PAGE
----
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I am having troubles with the instanceof operator. I'm trying to avoid it. Basically, I have the following structure:

class Shape {}
class Triangle extends Shape {}
class Rectangle extends Shape {}

ShapeParser s;
while (s.hasNext())
     parseShape(s.next()); // returns a Shape object

void parseShape(Triangle t) { // do stuff } // KEY POINT HERE
void parseShape(Rectangle t) { // etc }

The key point I'm making is: I want to do a parameter overload of the function, but it's not working as I intend it to (compile-error). I am trying to avoid:

void parseShape(Shape s)
{
     if (s instanceof Triangle) ...
}

UPDATE: it seems that the consensus is to create a base class method: parseShape() to do the lifting. I wanted to clarify my question: the motivation of this question is relative to the observer pattern. Suppose I have the following Observer object payload method:

    public void update(Observable obj, Shape objectPayload){} 
// note: the objectPayload is usually of type Object

Instead of performing:

public void update(Observable obj, Shape objectPayload)
{
       if (objectPayload instanceof Triangle)
          // do stuff
       else if (objectPayload instanceof Rectangle)
          // etc
}

I want to do:

public void update(Observable obj, Shape objectPayload)
{
       parseShape(objectPayload);
}

    void parseShape(Triangle t) {  } // do stuff
    void parseShape(Rectangle t) { }
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1  
Please post the error... –  phooji May 25 '11 at 3:06
    
And why is your rectangle called t? :-) –  paxdiablo May 25 '11 at 3:12
    
Updated question; please see. –  Carlo del Mundo May 25 '11 at 3:25
    
No, no, a hundred times no! Don't make me come over there and slap you around :-) In OO, the object/class is god. If you find yourself in the situation where code is once again becoming the primary thing, you're reverting to the pre-OO days. Even the observer pattern should follow this rule: ... notifies them automatically of any state changes, usually by calling one of their methods. –  paxdiablo May 25 '11 at 3:33
    
Looks more and more like you want the visitor pattern. See, for example, this thread. Put that once into your Shape hierarchy and you won't need to pollute that hierarchy with parsing code, or code for any other operation you want to apply similarly. –  Ted Hopp May 25 '11 at 3:43
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4 Answers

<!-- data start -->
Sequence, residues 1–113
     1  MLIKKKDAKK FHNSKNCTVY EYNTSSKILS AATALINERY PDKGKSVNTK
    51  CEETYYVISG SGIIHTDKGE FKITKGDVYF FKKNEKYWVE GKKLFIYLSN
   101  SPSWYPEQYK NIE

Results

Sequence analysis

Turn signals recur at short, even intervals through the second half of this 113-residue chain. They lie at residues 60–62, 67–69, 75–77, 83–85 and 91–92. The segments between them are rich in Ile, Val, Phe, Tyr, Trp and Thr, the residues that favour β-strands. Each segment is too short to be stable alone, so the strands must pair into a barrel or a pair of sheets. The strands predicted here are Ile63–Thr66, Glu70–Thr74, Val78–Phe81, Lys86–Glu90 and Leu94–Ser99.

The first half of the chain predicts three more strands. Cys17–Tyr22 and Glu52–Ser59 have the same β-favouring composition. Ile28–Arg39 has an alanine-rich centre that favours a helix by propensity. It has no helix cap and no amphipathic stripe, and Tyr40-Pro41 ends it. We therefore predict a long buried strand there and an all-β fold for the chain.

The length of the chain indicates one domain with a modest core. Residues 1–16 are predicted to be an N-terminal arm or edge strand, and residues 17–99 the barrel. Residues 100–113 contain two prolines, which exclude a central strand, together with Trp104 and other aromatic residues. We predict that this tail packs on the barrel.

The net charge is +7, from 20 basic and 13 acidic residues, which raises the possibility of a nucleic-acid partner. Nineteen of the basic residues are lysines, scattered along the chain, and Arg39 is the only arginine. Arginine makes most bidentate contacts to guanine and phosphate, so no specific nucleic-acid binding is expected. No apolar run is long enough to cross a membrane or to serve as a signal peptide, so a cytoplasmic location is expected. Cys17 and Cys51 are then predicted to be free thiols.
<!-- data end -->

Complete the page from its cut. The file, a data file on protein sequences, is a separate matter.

up vote 4 down vote accepted

You can move the parseShape into each Shape class. Alternatively, you can use the Visitor pattern. There's a neat trick with reflection shown in the solution to this thread that avoids the complexity of a full visitor pattern in Java.

UPDATE:

Here's a recipe for the visitor pattern:

  1. Declare an interface:

    public interface ShapeVisitor {  
        visit(Triangle);  
        visit(Rectangle);  
        // ...  
    }
    
  2. In Shape, declare an abstract method acceptVisitor:

    class Shape {
        public abstract void acceptVisitor(ShapeVisitor visitor);
    }
    
  3. In each concrete class, implement acceptVisitor:

    class Triangle extends Shape {
        public void acceptVisitor(ShapeVisitor visitor) {
            visitor.visit(this);
        }
    }
    
  4. Declare your ParseVisitor class to implement ShapeVisitor and implement all the required methods (simply rename each of the parseShape methods to visit).

The nice things about this are, first, it keeps the parsing code out of your Shape hierarchy and centralizes it in a separate parsing class; second, if you later decide that you need to do some other operation (like, say, render), you can apply the same pattern without ever changing any Shape class. The big down side of this approach is that you will have to change all classes that implement ShapeVisitor if you decide to add another Shape subclass.

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Thanks this is what I was looking for. –  Carlo del Mundo May 25 '11 at 14:17
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If your parseShape() method were declared in Shape, it could be overridden in Triangle and Rectangle.

That is:

ShapeParser s;
while (s.hasNext())
     // Calls the proper implementation of parseShape()
     s.next().parseShape();
share|improve this answer
    
+1. This is the correct OO way of doing it. Use of instanceof should usually be a tar-and-feather offence in your code reviews :-) –  paxdiablo May 25 '11 at 3:08
    
Your sort of turn the world inside out, and then it falls into place. +1 on tar-and-feather. –  Chris May 25 '11 at 3:13
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Um, add a parse method to the base class then just loop and iterate through the list of shapes and call s.parse()?

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I assume that the error is because s.next() returns Shape. Logical thing would be to add parse() method to shape and call s.parse()

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